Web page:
“I have actually finished (the second assignment), and enjoyed writing it. Just some feedback about the unit for you while I'm here. It might have been good to have incorporated a mini presentation from each student about their 'final' reflexivity written assignment. That way, we would be able to listen to each other's perspectives of the model and its contents, and how they related that to their learning event, and why that learning event was challenging. This would have opened up more opportunity for applying reflective and reflexive ideas that we were trying to get our head around, and hence better understand their meaning through application, rather than from the rather heavy vocab that made it tricky to understand sociological/philosphical/theoretical concepts. This could replace the annotated bibliography, or be an extra assessment that would maybe be worth 20% and the written one 50%.... Just an idea!!”

Reflexive practice 1 & 2
• Preliminary findings • Job skills portfolio (incorporating practice guidelines for OTs) • Strengthen links between theory and clinical education experiences in second year of MOT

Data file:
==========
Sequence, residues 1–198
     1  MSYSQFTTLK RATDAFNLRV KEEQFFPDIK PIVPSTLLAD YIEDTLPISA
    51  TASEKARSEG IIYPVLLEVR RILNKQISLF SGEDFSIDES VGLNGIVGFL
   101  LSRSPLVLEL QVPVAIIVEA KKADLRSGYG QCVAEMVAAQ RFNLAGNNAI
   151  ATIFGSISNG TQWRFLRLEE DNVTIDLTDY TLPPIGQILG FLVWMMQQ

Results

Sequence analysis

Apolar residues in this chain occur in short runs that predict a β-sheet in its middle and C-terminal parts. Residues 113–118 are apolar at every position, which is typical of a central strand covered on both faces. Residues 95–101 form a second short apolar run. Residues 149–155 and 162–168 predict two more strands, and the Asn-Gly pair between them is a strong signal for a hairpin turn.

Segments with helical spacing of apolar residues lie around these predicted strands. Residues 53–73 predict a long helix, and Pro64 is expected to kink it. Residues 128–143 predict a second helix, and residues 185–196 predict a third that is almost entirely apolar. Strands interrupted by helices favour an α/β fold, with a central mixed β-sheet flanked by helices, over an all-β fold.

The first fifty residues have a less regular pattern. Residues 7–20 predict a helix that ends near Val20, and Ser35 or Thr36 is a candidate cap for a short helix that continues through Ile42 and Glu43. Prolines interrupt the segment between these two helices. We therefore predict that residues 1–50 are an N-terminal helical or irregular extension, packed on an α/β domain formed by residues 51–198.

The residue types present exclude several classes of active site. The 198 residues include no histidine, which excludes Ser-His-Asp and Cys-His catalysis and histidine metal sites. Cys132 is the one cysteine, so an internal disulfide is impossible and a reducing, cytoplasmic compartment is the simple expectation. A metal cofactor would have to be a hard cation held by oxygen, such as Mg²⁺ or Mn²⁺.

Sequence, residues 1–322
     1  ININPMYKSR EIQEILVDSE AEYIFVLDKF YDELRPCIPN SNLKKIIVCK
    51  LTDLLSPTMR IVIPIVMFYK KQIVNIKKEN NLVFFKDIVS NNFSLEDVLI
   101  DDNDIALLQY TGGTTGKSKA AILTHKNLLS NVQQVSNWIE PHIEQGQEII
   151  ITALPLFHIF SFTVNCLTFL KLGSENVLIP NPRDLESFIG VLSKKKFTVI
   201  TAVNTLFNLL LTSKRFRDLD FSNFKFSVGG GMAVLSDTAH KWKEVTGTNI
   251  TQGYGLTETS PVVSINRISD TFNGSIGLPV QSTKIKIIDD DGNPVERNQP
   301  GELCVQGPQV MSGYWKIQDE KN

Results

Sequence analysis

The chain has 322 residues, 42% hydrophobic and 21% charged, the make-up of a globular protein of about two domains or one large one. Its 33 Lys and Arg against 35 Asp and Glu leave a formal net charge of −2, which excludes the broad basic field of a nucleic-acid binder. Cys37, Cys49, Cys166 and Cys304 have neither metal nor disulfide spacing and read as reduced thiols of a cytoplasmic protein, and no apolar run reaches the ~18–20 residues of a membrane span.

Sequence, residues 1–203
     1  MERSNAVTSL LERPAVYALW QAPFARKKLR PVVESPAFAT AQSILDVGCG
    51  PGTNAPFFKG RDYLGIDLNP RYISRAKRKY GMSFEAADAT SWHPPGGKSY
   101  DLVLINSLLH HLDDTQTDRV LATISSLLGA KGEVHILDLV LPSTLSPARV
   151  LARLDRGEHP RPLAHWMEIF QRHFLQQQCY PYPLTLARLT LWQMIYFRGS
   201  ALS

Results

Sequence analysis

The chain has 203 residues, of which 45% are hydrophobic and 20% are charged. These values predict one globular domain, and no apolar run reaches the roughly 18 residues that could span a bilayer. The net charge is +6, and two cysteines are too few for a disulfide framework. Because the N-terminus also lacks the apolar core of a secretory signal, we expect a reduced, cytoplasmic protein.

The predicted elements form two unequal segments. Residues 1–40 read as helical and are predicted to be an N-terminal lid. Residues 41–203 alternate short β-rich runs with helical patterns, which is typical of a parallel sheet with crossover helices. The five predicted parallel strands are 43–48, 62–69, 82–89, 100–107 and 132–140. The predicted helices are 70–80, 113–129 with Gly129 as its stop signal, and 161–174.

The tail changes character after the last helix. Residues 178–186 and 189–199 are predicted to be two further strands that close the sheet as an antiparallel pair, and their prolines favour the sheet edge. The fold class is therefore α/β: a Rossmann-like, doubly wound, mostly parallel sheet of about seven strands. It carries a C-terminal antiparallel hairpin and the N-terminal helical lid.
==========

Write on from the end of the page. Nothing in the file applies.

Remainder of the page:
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Bishop, S., Lau, M., Shapiro, S., et al (2004). Mindfulness: A proposed operational definition. Clinical Psychology: Science and Practice 11(3), 230-241 Boud,D., Keogh,R, & Walker,D. (1985). Reflection: Turning learning into experience. London: Kogan Page. Hagedorn, R. (2000). Tools for practice in occupational therapy. London: Churchill Livingston. Kenway, J,& McLeod, J. (2004). Bourdieu‟s reflexive sociology and „spaces of points of view‟: whose reflexivity, which perspective? British Journal of Sociology of Education, 25 (4), 525-544. McLain, R. (2002). Reflexivity and the sociology of practice. Sociological practice: A Journal of Clinical and Applied Sociology. 4(4), 249-277. Morrison, K. (1996). Developing reflective practice in higher degree students through a learning journal. Studies in Higher Education. 21(3), 317-332. Osborne, R. (2001). Megawords: 200 terms you really need to know. Allen & Unwin Pels, D. (2000). Reflexivity: One step up. Theory, culture and society. 17 (3), pp1 – 25. Schon, D. (1987). The reflective practitioner. Wenger, E., McDermott, R. Snyder, W. (2002). Cultivating communities of practice. Boston, Massachusetts: Harvard Business School Press.